Audible Illusions Modulus 3A preamplifier Follow-Up, September 1996

Sidebar 4: Follow-Up from Stereophile September 1996, Vol.19 No.9

MF compares the Audio Research PH3 and Audible Illusions Modulus 3A

When you audition a component for the first time, usually what you hear are the gross differences between it and your reference. You may hear new things in favorite recordings, but such changes are meaningless. It's like cranking up the treble, hearing previously buried information, and calling it an improvement. Over time, however, I was able to develop a predictable "difference profile" between the two phono sections, which I would apply to familiar recordings before play. Once my predictions starting coming true on a regular basis, I figured I had the sound of the Audio Research PH-3 versus the Audible wrapped up.

It took about three minutes to connect the PH-3 to my system: I began with XLO Signature phono interconnects into the Audio Research inputs and a pair of XLO Signature interconnects back to a high-level input on the Audible Illusion Modulus 3A. It was easy enough to route the arm interconnects from the PH-3 to the Audible to compare phono sections. I did that with every record I used during my more intensive listening sessions. I plugged the PH-3 into a Power Wedge 116 line conditioner. Once all connections were made, I put three DJ Kasser Black Diamond Racing cones underneath. A flip of the "on/off" switch and warm-up commenced. I waited about an hour before my first audition, and about a week before I did any serious evaluations, but I fell for the sound of the PH-3 big-time the minute I heard it, right out of the box.

About halfway through the reviewing process, however, I realized I'd made one mistake in methodology: I was using the smooth-sounding Black Diamond Racing cones under the review piece—actually, I hate reading about the "sound" of cones, so let's say "cones that produce a smoother system sound"—I had Combak Harmonix feet under the Audible. Can that really make a difference? Believe you me, it can. Don't believe me until you try it yourself. (And believe this: No matter how much you've invested in your system, cables can spell the difference between satisfaction and boredom. I don't care what causes it, I'll leave that question to others. Having wired up my system with a wide variety of excellent cable, all of which yielded different results, I know.)

With Black Diamond Racing cones (#3 model) under both pieces, I started over, and while the basic differences remained, the gap was narrowed somewhat—not that it was profound to begin with. I'll put it to you this way: some of the sonic contrasts between the Audible's built-in phono section and the Audio Research PH-3 were of the kind you can induce or offset by changing interconnects and/or physical damping, though a few differences—particularly at the bottom end—were significant.

Two immediately identifiable positive characteristics of the PH-3 were its luxurious, liquid midrange bloom and its ironfisted bass control. The Audible, by comparison, sounded slightly recessed in the midrange and not nearly as taut and controlled at the very bottom.

The PH-3's swoon-inducing bloom put voices and solo instruments farther out front on the soundstage. On Joan Baez In Concert (Vanguard VSD-2122, black-label "Stereolab"), the sense of Baez's physical presence center stage was more immediate, more focused, and more forward spatially. The space between Baez's voice and the reverberant field behind it was much more clearly delineated with the PH-3. The bloom also brought the front boundary of the "air" on the soundstage of good recordings—particularly live ones—way out in the room, which gave the overall sound an exciting vibrancy and energy.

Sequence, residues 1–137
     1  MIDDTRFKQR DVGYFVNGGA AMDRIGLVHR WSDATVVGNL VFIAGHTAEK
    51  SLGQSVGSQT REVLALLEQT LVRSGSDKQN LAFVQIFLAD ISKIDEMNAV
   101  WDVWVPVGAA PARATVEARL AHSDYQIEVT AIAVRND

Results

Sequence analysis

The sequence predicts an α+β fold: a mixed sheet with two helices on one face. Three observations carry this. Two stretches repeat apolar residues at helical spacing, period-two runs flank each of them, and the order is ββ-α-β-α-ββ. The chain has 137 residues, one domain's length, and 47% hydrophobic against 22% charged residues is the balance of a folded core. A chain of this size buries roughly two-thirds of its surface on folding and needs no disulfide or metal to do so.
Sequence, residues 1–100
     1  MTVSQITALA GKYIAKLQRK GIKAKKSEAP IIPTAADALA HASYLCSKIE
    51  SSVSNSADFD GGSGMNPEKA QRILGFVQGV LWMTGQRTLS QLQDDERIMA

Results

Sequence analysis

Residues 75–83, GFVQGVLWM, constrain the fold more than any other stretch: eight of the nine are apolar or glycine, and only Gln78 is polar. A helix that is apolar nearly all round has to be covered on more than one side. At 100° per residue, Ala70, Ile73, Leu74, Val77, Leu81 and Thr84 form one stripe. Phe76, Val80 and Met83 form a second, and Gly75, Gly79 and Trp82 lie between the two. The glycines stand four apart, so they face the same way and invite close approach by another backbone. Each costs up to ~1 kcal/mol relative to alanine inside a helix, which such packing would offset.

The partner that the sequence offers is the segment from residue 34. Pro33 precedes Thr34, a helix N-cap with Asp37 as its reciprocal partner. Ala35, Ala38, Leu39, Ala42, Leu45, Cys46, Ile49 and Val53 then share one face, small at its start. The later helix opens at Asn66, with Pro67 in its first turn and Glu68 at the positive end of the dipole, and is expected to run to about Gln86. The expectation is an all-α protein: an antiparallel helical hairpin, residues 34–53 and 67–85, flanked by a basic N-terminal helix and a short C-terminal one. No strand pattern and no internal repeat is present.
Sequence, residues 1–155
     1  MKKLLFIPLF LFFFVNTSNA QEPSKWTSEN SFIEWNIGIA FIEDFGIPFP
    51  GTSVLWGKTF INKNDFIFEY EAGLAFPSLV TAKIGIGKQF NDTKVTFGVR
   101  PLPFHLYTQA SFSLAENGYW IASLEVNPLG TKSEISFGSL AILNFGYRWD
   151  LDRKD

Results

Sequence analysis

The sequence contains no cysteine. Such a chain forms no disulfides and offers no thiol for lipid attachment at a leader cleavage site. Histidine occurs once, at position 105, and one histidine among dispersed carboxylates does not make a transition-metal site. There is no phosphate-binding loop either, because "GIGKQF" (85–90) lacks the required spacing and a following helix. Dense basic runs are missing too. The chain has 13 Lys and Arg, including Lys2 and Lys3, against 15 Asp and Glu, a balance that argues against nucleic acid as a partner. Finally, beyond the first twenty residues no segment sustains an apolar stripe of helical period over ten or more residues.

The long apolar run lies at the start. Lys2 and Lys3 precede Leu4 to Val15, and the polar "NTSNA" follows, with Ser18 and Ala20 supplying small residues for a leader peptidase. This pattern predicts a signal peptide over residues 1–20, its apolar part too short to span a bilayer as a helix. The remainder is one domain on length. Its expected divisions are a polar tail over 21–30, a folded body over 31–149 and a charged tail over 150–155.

The bloom and increased midrange energy consistently put more "flesh on the bone" of instruments and voices. In "All Roads To The River," on Analog Productions' superb Breaking Silence LP (APP 027), there was more creamy throat and body to Janis Ian's voice and a better overall balance to the components which make up the human voice. And the percussion instruments yielded more skin sound.

On a test pressing of Analog Productions' superb new The Tony Bennett/Bill Evans Album (AAPR 3004), which some of you may have on the Mobile Fidelity reissue (MFSL 1-117), Bennett's voice appeared eerily focused out front and center through the PH-3, while it sounded somewhat farther back and ever so slightly more diffuse through the Audible's phono section. Also the timbral, palpable whole of Bennett's voice and head, which the PH-3 rendered with an almost alarming completeness, seemed to separate into individual components through the Audible, with a slight edge to sibilants and bit of a recess in the throat area, which detracted somewhat from the illusion of an actual person standing there.

On recordings which featured string bass doubled by kick drum, the PH-3 better delineated the two, presenting the sound of the drum skin being hit and of the bass string being plucked as two distinct events, both physically and timbrally. Through the Audible, the two frequently blended together.

The PH-3's better bass control offered improvements in soundstage focus as well—especially towards the back of the stage where the Audible tended to darken and blur events while the PH-3 lit them up and laid them bare. The physical outlines of tympani and double bass on symphonic recordings, their textures and transients, were more clearly revealed through the PH-3—and without any added edge or etch, a major achievement.

Audible Illusions
7066 Commerce Circle
Pleasanton, CA 94588
(510) 463-9191